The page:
Wednesday 26 October 2016

Coffee consumption research brews up theory it's in our DNA

Published 25/08/2016 | 14:06

Scientists reckon people with a DNA variation in a gene tend to drink less coffee
Scientists reckon people with a DNA variation in a gene tend to drink less coffee

Researchers have identified a gene that appears to curb coffee consumption.

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People with a DNA variation in a gene called PDSS2 tend to drink fewer cups of coffee, a study has found.

Experts claim the findings suggest the gene reduces the ability of cells to break down caffeine, which causes it to stay in the body for longer and means those affected get the same caffeine hit through less coffee.

One scientist working on the project said it suggests the "drive to drink coffee may be embedded in our genes".

The researchers studied the DNA of 370 people living in a small village in southern Italy and 843 people from six villages in north-east Italy.

The subjects were asked to complete a survey including a question about how many cups of coffee they drank each day.

The team found people with the PDSS2 DNA variation tended to consume fewer cups of coffee than people without the variation - equivalent to one fewer cup daily on average.

Researchers replicated the study in a group of 1,731 people from the Netherlands. The result was similar but the effect of the gene on the number of cups of coffee consumed was slightly lower.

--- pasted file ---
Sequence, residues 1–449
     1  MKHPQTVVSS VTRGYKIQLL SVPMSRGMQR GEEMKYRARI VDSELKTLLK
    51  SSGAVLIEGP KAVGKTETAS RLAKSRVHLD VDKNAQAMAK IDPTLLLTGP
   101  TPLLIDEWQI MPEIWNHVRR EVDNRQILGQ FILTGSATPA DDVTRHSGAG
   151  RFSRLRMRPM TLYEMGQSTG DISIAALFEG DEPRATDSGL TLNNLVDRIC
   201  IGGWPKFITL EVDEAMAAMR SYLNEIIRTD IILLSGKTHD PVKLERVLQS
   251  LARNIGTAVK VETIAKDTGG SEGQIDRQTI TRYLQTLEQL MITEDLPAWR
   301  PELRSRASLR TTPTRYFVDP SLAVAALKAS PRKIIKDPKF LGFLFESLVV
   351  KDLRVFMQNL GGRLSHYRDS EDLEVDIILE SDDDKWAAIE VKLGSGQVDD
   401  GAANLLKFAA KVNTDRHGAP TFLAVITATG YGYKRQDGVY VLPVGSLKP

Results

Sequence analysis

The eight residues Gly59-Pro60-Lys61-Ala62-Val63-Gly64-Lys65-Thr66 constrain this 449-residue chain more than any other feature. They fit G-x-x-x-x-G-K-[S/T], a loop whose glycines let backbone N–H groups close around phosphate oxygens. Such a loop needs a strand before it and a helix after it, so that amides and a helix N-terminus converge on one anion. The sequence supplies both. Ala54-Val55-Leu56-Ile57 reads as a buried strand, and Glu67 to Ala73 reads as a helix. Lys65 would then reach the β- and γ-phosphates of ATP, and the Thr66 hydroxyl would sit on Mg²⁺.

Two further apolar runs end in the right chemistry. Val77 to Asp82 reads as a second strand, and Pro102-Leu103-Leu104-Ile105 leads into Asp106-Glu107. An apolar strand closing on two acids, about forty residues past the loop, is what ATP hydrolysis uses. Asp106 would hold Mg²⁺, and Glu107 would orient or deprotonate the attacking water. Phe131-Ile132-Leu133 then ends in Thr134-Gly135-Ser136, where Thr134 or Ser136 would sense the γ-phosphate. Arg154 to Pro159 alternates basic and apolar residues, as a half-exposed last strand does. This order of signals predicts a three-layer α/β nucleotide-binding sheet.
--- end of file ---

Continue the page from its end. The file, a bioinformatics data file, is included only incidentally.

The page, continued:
The scientists said the change could be down to the different styles of coffee drunk in the two countries.

In Italy, people tend to drink smaller cups such as espresso whereas in the Netherlands the preference is towards larger cups which contain more caffeine overall.

Dr Nicola Pirastu, a Chancellor's Fellow at Edinburgh University, said: "The results of our study add to existing research suggesting that our drive to drink coffee may be embedded in our genes.

"We need to do larger studies to confirm the discovery and also to clarify the biological link between PDSS2 and coffee consumption."

The study is published in the journal Scientific Reports and was conducted at the universities of Edinburgh and Trieste, the Burlo Garofolo Pediatric Institute in Italy, the Erasmus Medical Centre and PolyOmica, a data analysis company based in Groningen, the Netherlands.

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